Intended for healthcare professionals

Observations Health Inequalities

Would action on health inequalities have saved New Labour?

BMJ 2010; 340 doi: (Published 23 June 2010) Cite this as: BMJ 2010;340:c3294

This article has a correction. Please see:

  1. Gerry McCartney, specialist registrar in public health, MRC Social and Public Health Sciences Unit, Glasgow,
  2. Chik Collins, senior lecturer, School of Social Sciences, University of the West of Scotland, Paisley,
  3. Danny Dorling, professor of human geography, Sheffield
  1. Correspondence to: G McCartney gmccartney{at}

    Had Labour widened rather than narrowed the mortality gap, the balance of the current parliament might have been a bit different

    Inequality in health is among the factors that could have made a crucial difference in this year’s UK general election. How? We know that the gap in life expectancy between the worst and best local authorities grew in the 10 years after New Labour was elected in 1997. The effects of this inequality have not been politically neutral. In the areas that tend to elect Labour party representatives people are likely to die relatively young, and in the areas that tend to elect Conservative party representatives people tend to live longer.1 2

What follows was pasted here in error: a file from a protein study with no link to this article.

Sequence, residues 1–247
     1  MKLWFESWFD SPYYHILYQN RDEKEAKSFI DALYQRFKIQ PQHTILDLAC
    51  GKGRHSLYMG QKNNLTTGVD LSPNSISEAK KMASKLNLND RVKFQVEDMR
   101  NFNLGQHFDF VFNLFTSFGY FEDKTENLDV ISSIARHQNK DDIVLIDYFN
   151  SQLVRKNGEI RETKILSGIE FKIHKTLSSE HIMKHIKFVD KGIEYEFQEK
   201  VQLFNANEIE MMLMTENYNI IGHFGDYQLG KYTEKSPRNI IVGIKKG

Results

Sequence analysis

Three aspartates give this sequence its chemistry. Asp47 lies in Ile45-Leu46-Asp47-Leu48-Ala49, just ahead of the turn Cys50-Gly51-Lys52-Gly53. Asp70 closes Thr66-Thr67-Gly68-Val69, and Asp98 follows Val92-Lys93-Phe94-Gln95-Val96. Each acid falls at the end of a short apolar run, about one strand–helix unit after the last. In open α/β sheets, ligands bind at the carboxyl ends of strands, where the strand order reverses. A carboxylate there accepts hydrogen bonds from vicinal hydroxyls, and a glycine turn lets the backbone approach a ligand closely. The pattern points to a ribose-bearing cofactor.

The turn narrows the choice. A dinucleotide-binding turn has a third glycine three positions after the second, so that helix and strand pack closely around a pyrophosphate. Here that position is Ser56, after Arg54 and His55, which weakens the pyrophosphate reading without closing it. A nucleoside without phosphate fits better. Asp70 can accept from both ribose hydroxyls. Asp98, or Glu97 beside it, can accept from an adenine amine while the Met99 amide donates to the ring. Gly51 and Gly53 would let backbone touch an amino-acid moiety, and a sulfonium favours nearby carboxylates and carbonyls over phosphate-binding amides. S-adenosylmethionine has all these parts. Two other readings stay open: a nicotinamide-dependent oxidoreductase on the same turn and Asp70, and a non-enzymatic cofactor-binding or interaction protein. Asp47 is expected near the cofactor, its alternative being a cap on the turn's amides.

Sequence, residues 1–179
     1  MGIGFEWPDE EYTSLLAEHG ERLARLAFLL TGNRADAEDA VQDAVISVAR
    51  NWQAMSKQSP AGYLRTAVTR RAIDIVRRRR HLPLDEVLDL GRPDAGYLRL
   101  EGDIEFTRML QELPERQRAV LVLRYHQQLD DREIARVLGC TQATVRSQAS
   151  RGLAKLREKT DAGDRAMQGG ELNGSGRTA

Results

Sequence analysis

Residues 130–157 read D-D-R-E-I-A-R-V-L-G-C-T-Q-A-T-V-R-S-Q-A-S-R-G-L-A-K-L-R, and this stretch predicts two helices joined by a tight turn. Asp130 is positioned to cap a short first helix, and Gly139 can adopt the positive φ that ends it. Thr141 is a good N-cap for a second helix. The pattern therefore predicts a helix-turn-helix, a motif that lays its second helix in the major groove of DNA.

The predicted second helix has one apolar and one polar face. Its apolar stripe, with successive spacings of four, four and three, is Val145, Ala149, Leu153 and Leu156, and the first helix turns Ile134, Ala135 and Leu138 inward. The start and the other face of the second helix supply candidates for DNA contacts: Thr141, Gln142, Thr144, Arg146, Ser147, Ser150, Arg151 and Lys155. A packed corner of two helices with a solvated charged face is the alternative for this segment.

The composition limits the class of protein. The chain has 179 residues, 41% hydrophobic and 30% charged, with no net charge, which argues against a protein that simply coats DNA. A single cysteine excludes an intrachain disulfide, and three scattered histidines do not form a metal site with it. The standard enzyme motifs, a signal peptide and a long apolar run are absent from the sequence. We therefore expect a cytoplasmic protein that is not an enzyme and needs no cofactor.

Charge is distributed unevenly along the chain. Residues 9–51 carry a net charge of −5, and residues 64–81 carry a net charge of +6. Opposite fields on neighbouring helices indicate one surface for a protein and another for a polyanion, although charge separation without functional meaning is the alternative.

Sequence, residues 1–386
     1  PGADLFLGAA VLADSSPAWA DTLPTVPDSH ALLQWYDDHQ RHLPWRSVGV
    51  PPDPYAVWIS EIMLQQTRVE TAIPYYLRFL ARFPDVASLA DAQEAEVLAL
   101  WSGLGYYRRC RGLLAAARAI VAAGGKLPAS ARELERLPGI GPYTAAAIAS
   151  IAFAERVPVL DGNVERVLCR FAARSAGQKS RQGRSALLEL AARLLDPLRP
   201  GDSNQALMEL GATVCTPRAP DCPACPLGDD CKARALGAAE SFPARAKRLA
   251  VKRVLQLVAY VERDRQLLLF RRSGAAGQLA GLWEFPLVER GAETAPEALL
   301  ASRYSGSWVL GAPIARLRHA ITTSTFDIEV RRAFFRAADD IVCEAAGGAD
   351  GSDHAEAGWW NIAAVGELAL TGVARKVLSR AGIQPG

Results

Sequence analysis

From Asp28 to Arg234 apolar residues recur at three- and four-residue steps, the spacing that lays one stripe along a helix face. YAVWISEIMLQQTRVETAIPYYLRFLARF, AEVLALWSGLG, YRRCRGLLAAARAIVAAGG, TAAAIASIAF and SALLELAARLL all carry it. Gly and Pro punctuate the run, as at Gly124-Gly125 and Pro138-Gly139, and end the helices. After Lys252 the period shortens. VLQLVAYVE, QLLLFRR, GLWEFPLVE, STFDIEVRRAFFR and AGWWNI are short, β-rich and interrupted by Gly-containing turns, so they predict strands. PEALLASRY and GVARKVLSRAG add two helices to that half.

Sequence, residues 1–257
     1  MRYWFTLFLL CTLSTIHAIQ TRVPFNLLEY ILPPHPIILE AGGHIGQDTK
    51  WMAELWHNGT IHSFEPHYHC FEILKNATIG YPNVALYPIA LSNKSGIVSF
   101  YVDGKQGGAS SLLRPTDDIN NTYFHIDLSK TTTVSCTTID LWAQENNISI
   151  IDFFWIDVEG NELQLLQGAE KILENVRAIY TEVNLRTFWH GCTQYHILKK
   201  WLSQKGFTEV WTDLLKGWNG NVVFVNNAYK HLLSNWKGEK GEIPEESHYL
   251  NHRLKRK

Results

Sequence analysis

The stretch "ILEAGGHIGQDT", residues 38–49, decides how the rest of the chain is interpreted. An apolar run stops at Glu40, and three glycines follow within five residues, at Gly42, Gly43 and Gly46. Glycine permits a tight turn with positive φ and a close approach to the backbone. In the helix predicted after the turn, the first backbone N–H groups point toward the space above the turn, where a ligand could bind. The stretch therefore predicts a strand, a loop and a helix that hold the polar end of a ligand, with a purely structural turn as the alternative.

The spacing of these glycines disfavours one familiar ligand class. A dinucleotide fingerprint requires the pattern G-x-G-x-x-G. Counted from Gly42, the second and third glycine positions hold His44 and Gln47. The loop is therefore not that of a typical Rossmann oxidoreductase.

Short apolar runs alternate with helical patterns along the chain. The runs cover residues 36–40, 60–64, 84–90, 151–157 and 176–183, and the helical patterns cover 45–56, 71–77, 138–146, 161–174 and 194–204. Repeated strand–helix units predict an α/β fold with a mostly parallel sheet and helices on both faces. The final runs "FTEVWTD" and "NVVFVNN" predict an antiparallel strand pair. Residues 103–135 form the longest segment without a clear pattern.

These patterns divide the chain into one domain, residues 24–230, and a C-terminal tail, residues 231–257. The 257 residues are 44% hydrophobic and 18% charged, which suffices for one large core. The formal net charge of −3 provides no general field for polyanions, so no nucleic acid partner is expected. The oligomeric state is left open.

Taking older voters from 1997, 2001, and 2005, we can confidently say that a higher proportion of those who voted Conservative than of Labour voters were still around to do so again in 2010. The great irony is, of course, that this growth in health inequality is now part of the legacy of the longest ever period of Labour government.3

    The quotation “Vote early—and vote often” has been attributed to Chicago politics. However, an interpretation of the saying can perhaps help cast some light on the recent UK general election result and the subsequent emergence of the Conservative-Liberal Democrat coalition.

    New Labour was elected in …

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